Maybe you are a of the millions of Americans who jumped into the Bitcoin race in 2021. Or perhaps you have become an active crypto trader. Or maybe crypto bonuses have become part of your compensation package at work. You may have even used some of them to buy something or pay others for their services.
You may have thought, cryptocurrencies are not physical currencies; they are not even regulated by the US government. That means I don’t have to pay taxes on the profits I make from trading crypto, right?
While the U.S. Internal Revenue Service’s rules on cryptocurrencies are sketchy in many areas, they made it clear that Cryptocurrencies are considered investable assets for tax purposes.
Taxable profit and loss
To calculate taxable gains and losses, cryptocurrency transactions are treated in exactly the same way as transactions involving stocks, bonds, or mutual funds.
- If you sell cryptocurrency for more than you paid, the profits will be taxed as short-term capital gain if you hold the currency for less than a year. In general, people try to avoid short-term capital gains because they are taxed like ordinary income.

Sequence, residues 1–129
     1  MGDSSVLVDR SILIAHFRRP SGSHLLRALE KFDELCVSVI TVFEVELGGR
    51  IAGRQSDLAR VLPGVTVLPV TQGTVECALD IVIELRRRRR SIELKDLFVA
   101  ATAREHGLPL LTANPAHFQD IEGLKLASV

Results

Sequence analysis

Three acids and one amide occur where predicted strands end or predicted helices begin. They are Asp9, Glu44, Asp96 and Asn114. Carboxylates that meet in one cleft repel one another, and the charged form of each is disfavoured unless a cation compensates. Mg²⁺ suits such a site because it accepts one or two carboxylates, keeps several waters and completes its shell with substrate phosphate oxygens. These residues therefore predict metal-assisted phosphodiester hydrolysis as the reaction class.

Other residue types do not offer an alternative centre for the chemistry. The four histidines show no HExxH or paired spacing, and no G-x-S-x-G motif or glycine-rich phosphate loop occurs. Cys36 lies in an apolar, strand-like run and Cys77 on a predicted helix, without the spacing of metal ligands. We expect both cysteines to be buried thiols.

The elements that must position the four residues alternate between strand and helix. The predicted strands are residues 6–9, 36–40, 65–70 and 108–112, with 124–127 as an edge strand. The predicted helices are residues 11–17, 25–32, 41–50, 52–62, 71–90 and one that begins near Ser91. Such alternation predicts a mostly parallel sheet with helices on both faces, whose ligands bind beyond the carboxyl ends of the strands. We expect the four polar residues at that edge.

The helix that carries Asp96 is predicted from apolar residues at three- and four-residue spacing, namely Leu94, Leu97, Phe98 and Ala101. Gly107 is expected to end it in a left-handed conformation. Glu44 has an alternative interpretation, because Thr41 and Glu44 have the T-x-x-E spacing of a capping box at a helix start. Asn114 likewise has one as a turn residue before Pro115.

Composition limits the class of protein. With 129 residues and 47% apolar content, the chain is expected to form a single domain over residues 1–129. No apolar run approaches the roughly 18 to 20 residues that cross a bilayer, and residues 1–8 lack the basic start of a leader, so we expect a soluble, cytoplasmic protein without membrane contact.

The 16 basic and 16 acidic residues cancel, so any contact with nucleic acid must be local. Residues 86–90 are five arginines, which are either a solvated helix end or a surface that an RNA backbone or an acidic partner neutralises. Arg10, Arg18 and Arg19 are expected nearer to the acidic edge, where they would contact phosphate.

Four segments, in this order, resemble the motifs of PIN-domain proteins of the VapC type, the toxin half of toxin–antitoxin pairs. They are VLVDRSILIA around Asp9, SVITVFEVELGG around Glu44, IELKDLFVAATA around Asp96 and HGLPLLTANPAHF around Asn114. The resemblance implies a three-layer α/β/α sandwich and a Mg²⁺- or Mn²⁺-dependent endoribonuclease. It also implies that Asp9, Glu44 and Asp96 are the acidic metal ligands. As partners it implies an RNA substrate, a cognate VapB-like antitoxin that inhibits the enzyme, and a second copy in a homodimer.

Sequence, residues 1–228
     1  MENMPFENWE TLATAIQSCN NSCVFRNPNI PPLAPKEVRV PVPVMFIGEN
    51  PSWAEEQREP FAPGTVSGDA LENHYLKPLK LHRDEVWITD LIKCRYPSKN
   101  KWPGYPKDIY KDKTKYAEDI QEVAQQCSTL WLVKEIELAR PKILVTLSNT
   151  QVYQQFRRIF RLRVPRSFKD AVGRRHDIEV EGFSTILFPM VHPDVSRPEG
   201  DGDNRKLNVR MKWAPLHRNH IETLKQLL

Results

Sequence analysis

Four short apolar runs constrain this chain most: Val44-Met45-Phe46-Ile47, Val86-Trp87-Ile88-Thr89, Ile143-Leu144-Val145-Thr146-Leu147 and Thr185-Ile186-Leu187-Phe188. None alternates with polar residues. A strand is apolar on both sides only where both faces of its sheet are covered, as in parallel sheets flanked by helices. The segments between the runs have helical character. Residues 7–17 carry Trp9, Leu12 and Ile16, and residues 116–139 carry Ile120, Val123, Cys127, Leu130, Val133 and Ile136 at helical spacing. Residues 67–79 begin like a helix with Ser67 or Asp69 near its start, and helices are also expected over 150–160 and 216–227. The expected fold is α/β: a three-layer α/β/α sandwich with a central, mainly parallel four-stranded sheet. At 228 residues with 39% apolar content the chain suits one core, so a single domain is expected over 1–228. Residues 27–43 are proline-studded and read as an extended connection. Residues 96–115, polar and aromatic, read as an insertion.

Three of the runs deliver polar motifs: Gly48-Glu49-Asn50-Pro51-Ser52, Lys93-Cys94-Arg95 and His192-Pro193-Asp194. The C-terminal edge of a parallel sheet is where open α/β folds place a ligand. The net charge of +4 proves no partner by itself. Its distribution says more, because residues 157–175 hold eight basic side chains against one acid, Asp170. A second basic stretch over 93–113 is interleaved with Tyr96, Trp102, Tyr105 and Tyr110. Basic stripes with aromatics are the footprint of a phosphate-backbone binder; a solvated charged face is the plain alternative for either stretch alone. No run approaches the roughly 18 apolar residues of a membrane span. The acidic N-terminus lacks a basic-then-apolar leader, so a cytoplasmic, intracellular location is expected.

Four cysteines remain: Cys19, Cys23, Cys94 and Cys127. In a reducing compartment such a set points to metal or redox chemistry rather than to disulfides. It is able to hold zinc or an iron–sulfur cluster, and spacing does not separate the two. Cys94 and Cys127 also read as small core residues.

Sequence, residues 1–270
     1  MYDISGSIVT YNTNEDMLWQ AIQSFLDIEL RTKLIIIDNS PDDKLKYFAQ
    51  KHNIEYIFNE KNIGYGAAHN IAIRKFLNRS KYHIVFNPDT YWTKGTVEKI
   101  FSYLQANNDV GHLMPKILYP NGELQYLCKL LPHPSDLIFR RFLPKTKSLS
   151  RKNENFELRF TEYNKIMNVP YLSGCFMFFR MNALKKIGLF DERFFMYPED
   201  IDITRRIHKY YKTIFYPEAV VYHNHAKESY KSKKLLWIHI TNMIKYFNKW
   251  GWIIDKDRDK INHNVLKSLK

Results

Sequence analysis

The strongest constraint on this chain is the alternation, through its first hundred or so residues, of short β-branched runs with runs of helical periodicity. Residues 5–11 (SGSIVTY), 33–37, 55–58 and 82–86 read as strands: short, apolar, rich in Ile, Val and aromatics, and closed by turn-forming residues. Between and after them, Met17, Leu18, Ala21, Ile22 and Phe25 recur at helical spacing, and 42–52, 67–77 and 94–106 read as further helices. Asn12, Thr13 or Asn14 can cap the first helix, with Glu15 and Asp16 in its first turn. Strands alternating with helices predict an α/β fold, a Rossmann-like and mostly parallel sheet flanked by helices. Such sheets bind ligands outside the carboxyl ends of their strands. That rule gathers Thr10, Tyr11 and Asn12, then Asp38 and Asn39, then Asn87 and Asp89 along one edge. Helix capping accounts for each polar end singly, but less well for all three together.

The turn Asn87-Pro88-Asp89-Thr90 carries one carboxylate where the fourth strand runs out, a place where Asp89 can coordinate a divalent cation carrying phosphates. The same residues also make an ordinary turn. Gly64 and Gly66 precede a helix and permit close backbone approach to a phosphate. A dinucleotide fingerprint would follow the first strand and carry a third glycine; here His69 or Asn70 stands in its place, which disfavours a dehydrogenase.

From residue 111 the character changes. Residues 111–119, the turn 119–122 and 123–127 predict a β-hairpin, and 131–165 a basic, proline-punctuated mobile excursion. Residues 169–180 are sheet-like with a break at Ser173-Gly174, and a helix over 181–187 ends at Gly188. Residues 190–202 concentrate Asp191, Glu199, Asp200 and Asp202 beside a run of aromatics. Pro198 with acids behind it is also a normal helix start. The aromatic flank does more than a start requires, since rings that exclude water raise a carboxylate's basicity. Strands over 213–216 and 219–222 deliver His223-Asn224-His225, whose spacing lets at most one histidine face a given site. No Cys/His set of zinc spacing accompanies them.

- If you make a profit from the sale of cryptocurrency that you have owned for more than a year, it will be taxed as a more appropriate long-term capital gain. The tax rate will be 0.15% or 20%, depending on your income.
- If you sell cryptocurrency for less than you paid for it, you may experience a capital loss, which could reduce your taxable income or offset capital gains from selling other assets. .
If you plan to trade cryptocurrencies frequently, your options for using capital loss to offset your capital gains may be limited.
Seems relatively simple, right? But what if you’ve been trading Bitcoin, Ethereum, or other cryptocurrencies throughout the year, profiting on some trades and losing money on others?
Will your crypto exchange help you calculate the exact amount you will owe Uncle Sam?
Your answer depends on how many letters.
Fuzzy tax support
Since cryptocurrency exchanges are not regulated by the U.S. Securities and Exchange Commission, they are not legally required to provide the same level of tax reporting that a discount broker and a broker do. must provide investors with stocks, bonds and mutual funds.
While some US-based crypto exchanges provide basic summaries of taxable proceeds from crypto-related trading activities, many do not. .
And, to the best of our knowledge, there are currently no forms that generate IRS Forms 1099-BELL and 8949that brokerage firms and custodians assign to consumers to help them report income and capital gains and losses from the sale of investable assets.